True Doug, most of my experimentation was with earlier players. I've not kept up over the past couple of years. However for RGB conversion, is the PS3 not still the only player that does 12 bit processing? That is the reason you noticed a better picture on this set with RGB input, the TV's processing is inferior, at least it certainly is on my hx 800, and this is easily demonstrated on the moving chroma pattern on the DVE blu ray. When a ycbcr signal is sent to the set, significant banding/loss of information shows up on the moving chroma pattern, when the PS3 is allowed to do the processing, the pattern is perfect--no banding or artifacts, full detail present.

Omar

It doesn't matter how many bits are in the processing path. Nothing does a better job of video processing than a Lumagen Radiance video processor and it has 10-bit processing. The only reason RGB looked better when sent to the HX909 is because Sony has done something wrong in the 909. There's no reason for ANY product to look better in RGB vs YCbCr unless a mistake has been injected. You could even convert 8-bit YCbCr to 8-bit RGB with perfection (in otherwords, 10 or 12 or more bits are unnecessary for that conversion if it is done properly. More bits certainly guarantees nothing.
post #209 of 434
Thread Starter 
Quote:
Originally Posted by AustinJerry View Post
Actually, the Spears & Munsil disk is a highly-rated calibration disk, at least as good as Video Essentials, IMHO. Oppo included the disk with the BDP-83, which is how I started using it. The navigation is simple, and the on-screen instructions are excellent. The Disney WOW is quite new, and I'm not as impressed with it.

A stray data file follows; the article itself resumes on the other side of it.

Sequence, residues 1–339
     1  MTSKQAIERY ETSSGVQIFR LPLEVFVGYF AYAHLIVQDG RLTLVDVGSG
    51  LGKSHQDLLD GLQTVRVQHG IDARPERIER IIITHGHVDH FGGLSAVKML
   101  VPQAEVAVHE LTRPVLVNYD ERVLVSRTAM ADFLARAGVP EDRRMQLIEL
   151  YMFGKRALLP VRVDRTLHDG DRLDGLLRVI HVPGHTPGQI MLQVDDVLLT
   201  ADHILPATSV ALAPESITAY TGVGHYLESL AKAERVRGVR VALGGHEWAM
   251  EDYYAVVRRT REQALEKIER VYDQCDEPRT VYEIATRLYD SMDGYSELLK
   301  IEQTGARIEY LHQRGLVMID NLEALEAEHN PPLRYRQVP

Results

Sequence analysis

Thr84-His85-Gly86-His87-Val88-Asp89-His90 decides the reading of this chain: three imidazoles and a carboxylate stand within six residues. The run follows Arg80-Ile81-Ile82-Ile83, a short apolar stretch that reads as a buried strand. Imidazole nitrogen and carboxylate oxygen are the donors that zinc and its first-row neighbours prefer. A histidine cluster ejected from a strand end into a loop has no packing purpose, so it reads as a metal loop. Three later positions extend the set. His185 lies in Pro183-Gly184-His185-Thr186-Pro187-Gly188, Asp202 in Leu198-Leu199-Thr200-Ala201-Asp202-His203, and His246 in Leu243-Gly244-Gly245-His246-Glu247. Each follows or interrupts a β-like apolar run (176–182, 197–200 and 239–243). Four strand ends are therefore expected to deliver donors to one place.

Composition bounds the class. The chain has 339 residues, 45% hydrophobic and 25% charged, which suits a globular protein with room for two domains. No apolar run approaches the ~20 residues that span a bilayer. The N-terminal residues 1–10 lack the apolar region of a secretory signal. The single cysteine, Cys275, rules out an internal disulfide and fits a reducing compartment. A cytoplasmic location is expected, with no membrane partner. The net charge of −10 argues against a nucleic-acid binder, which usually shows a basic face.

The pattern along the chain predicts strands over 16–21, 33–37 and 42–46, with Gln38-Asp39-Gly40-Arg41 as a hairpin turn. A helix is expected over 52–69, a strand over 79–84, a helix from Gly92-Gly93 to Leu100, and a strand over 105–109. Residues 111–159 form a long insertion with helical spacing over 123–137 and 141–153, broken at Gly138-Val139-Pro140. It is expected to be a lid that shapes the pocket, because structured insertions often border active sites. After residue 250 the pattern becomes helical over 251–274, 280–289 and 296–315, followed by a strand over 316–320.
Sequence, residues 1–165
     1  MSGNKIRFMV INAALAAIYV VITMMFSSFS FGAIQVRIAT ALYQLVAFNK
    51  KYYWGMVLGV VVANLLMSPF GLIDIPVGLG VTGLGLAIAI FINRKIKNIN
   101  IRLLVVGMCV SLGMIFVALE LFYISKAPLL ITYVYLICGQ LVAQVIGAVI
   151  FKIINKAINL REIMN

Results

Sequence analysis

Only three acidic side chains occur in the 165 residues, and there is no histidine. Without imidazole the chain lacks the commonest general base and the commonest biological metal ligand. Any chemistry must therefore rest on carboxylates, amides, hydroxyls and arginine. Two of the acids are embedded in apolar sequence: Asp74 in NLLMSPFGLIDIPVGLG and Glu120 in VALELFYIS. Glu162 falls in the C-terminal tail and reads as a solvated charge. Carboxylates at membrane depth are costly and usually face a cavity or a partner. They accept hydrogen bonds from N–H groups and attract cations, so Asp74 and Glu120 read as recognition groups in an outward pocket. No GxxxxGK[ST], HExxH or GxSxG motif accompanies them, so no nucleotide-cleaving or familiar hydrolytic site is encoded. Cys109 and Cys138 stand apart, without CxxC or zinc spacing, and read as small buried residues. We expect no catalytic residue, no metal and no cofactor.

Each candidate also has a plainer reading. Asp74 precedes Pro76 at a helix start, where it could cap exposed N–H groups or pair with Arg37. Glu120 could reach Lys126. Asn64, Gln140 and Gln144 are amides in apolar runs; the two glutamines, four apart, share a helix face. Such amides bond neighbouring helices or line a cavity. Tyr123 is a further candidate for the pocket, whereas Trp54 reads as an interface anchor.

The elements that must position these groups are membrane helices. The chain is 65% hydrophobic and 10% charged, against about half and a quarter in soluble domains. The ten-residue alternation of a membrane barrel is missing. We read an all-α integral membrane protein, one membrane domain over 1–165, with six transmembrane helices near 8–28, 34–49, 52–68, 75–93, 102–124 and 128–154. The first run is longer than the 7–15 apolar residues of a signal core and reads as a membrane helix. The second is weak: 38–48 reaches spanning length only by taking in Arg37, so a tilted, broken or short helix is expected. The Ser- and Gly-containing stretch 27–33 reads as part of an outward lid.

I re-read your excellent review in WSR, where you note that the HX909 is not capable of displaying blacker-than-black. Perhaps this affects the PLUGE test? Regardless, using several of the advanced screens on the S&M disk, my contrast settings look pretty good in the 84-88 range. I believe your most recent recommendation for 2D viewing is 85, so that's what I have selected.

So, regardless of the disk tests, I continue to find that your recommended settings result in a very pleasing picture, so that's where I am going to leave them. Thanks again for your valued input!
Frankly, all the commercial test/setup discs are "highly rated" they all have some differences -- some have patterns others don't have, some have more or less information about setting up TVs than others, but they are all "good"... up to a point. And one of those points is that they all tend to describe how to set the highest possible Contrast setting rather than how to find the best setting for dark room viewing... but you can't really find the best setting for dark room viewing without a meter.

The closest you can get is if some reviewer or calibrator measures the TV with specific backlight and contrast settings and publishes those measurement results in a review or in an AVS forum thread. Your TV may not need EXACTLY the same settings to produce exactly the same fL measurement, but you should be fairly close to a good Contrast level setting that way. The Contrast and Backlight settings I listed here have produced similar fL readings on several other HX909 displays - not exactly the same I got, but when you are watching a movie in a dark room, there's not any real difference between 32.5 fL and 34 fL as far as your enjoyment of the movie.